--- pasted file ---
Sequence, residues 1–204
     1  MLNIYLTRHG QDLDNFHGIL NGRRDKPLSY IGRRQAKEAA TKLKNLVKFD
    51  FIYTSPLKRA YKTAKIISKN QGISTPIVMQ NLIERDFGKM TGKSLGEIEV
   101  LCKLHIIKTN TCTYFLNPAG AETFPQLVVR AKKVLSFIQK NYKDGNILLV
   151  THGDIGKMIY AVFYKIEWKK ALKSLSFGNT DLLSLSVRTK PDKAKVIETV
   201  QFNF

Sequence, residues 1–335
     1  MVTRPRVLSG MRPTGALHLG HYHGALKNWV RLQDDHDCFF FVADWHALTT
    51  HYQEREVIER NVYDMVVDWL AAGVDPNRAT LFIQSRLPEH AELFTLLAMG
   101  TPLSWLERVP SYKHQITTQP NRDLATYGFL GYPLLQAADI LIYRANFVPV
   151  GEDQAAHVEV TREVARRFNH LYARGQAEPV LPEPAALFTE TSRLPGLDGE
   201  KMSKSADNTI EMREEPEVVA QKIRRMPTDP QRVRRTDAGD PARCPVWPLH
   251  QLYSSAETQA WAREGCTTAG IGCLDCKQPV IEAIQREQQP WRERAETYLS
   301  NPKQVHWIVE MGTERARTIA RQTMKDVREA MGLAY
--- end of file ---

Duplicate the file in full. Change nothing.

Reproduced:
Sequence, residues 1–204
     1  MLNIYLTRHG QDLDNFHGIL NGRRDKPLSY IGRRQAKEAA TKLKNLVKFD
    51  FIYTSPLKRA YKTAKIISKN QGISTPIVMQ NLIERDFGKM TGKSLGEIEV
   101  LCKLHIIKTN TCTYFLNPAG AETFPQLVVR AKKVLSFIQK NYKDGNILLV
   151  THGDIGKMIY AVFYKIEWKK ALKSLSFGNT DLLSLSVRTK PDKAKVIETV
   201  QFNF

Sequence, residues 1–335
     1  MVTRPRVLSG MRPTGALHLG HYHGALKNWV RLQDDHDCFF FVADWHALTT
    51  HYQEREVIER NVYDMVVDWL AAGVDPNRAT LFIQSRLPEH AELFTLLAMG
   101  TPLSWLERVP SYKHQITTQP NRDLATYGFL GYPLLQAADI LIYRANFVPV
   151  GEDQAAHVEV TREVARRFNH LYARGQAEPV LPEPAALFTE TSRLPGLDGE
   201  KMSKSADNTI EMREEPEVVA QKIRRMPTDP QRVRRTDAGD PARCPVWPLH
   251  QLYSSAETQA WAREGCTTAG IGCLDCKQPV IEAIQREQQP WRERAETYLS
   301  NPKQVHWIVE MGTERARTIA RQTMKDVREA MGLAY